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  • Tags / Keywords biological diversity
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Natural resources management and the environment in small island developing states.
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2014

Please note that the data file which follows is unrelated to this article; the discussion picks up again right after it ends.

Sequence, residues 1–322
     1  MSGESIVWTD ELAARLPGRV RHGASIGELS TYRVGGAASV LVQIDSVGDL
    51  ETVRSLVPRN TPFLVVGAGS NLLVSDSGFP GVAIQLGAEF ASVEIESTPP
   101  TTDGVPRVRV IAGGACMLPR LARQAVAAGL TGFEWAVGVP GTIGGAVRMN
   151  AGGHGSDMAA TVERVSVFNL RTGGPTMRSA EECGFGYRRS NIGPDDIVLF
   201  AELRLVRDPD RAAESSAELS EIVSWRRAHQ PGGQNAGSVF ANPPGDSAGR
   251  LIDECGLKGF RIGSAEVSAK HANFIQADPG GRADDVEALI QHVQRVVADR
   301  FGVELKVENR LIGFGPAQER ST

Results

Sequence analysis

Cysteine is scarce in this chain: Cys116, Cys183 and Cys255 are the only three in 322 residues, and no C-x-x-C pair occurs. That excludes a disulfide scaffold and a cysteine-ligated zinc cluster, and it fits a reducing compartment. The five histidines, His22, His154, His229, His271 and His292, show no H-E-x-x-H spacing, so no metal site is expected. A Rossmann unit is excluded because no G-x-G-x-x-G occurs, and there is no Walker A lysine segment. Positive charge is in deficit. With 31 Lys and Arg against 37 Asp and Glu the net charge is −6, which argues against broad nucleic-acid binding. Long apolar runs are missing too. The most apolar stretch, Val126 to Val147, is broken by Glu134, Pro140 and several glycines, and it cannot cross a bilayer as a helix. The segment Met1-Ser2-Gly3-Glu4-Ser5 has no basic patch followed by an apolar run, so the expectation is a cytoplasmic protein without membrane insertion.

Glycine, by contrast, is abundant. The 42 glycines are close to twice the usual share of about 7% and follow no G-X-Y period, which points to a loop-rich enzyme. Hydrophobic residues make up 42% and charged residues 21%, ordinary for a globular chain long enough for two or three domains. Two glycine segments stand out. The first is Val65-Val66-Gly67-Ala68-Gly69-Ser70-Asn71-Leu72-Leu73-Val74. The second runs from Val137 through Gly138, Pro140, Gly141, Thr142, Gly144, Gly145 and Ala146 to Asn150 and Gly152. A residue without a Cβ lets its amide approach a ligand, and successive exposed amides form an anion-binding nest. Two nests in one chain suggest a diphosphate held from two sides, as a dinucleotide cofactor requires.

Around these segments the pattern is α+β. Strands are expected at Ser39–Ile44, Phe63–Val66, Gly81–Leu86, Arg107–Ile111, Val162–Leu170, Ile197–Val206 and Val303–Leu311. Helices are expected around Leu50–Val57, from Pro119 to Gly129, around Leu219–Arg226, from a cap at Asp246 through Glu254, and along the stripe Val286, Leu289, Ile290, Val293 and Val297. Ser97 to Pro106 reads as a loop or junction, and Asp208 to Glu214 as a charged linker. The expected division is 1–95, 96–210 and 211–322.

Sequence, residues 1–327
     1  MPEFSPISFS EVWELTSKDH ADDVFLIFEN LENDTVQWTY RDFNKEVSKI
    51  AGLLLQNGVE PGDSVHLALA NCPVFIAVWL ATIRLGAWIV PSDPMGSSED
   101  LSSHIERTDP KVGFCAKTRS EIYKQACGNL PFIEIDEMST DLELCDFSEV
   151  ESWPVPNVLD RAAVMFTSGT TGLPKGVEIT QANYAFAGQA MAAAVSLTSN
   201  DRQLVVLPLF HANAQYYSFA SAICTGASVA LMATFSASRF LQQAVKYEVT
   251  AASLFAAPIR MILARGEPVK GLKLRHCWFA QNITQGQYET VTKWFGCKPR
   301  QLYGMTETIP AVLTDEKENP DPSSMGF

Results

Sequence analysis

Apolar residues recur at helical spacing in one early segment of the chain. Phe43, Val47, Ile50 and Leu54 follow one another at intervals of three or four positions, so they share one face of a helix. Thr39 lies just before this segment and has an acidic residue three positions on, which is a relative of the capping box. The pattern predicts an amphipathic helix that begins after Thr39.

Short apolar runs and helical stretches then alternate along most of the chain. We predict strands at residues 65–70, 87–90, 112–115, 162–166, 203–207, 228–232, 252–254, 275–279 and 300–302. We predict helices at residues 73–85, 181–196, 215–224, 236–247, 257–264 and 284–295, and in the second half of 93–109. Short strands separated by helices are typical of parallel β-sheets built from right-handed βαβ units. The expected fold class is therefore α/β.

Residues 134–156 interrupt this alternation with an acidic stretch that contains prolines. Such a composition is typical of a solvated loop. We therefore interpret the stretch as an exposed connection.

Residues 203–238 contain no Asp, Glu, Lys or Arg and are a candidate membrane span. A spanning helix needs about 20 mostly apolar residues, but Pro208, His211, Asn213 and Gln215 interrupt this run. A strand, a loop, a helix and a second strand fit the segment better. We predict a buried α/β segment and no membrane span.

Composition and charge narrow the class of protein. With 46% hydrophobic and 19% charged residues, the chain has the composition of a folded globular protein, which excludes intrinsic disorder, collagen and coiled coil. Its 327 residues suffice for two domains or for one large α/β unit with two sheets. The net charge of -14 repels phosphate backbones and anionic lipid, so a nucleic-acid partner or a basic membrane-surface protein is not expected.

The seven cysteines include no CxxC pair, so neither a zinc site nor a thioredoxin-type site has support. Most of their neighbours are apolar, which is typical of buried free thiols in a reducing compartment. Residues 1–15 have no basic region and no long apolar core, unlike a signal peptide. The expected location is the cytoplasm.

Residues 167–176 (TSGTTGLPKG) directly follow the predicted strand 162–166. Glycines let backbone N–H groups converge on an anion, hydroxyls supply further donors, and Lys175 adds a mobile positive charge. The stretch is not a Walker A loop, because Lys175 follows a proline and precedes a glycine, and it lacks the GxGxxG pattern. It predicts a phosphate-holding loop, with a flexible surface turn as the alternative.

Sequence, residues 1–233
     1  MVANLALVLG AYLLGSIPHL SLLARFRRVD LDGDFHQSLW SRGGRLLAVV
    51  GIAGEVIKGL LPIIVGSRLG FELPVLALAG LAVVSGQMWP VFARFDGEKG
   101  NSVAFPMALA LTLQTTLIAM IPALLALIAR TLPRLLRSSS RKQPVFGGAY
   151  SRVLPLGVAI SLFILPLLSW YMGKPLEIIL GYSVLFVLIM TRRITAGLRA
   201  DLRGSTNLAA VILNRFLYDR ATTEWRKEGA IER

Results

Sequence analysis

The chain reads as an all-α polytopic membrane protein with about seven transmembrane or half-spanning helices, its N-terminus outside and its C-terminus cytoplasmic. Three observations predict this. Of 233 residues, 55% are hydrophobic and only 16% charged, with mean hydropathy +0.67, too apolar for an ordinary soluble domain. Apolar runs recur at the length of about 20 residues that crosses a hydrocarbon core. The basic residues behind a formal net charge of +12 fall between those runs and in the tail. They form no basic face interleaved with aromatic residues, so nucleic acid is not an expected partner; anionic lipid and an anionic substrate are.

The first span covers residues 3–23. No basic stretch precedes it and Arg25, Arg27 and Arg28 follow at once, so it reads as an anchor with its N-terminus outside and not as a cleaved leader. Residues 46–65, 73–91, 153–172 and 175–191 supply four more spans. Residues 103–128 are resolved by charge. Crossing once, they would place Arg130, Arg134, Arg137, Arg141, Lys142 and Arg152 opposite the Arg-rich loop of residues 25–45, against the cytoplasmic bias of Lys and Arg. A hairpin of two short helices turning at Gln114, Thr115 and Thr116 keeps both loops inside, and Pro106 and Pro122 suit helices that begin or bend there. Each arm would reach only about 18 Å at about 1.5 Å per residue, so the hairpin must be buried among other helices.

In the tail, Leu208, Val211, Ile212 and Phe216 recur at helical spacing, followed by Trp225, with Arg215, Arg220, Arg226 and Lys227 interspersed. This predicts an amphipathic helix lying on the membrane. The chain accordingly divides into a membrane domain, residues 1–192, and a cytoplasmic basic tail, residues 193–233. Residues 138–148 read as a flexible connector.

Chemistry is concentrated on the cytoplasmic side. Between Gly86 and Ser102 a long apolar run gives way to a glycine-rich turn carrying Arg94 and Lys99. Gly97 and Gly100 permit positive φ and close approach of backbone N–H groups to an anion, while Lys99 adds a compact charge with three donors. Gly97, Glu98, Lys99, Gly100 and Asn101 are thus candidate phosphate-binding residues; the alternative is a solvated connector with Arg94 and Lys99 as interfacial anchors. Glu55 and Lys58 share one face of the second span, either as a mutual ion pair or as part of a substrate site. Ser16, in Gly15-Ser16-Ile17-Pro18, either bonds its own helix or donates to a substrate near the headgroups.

The First United Nations Conference on Environment and Development held in Rio de Janeiro in 1992 (also known as the Earth Summit) acknowledged that SIDS are a special case for sustainable development (given their unique and particular vulnerabilities).This gave rise to the First International Conference on SIDS in 1994 and the Barbados Program of Action (BPOA) which is the main policy framework addressing the economic, social and environmental vulnerabilities facing SIDS. The sustainable development of SIDS was also at the heart of the Second International Conference on SIDS held in Mauritius in 2005, and the “Mauritius Strategy for the further implementation of the Programme of Action for the Sustainable Development of Small Island Developing States” was adopted and subsequently endorsed by the United Nations General Assembly. The United Nations Conference on Environment and Sustainable Development held in Rio de Janeiro in June 2012 (Rio+20) agreed to convene the Third International Conference on SIDS in 2014. This was later endorsed by the UN General Assembly (UNGA). “The Sustainable Development of Small Island Developing States (SIDS) through Genuine and Durable Partnerships” will be held in Samoa in September 2014. FAO has been involved in supporting SIDS in addressing sustainable development issues and has contributed to the regional preparatory process (i.e. Caribbean, Pacific and AIMS regions) as well as the inter-regional and global consultation process held at the UN Headquarters in New York in February 2014. The outcome documents of these preparatory meetings specifically mention topics that are relevant to FAO’s core areas such as coastal zone management and ecosystem based approaches, institutional capacity to deter illegal, unreported and unregulated fisheries and increased attention to small-scale fisheries. Climate change is also highlighted as a threat to food security, natural resources (land, water, forest and biodiversity) and marine and coastal resources. This paper focuses on the environmental challenges of sustainable development issues with particular attention to natural resource management, environment and climate change in the food and agriculture sector (including crops, livestock, fisheries and forestry). FAO’s agriculture, fisheries, forestry and technical assistance programmes provide considerable resources to assist member countries promote conservation, sustainable use and management of natural resources and to reduce the risks associated with climate extremes as well as resilience building.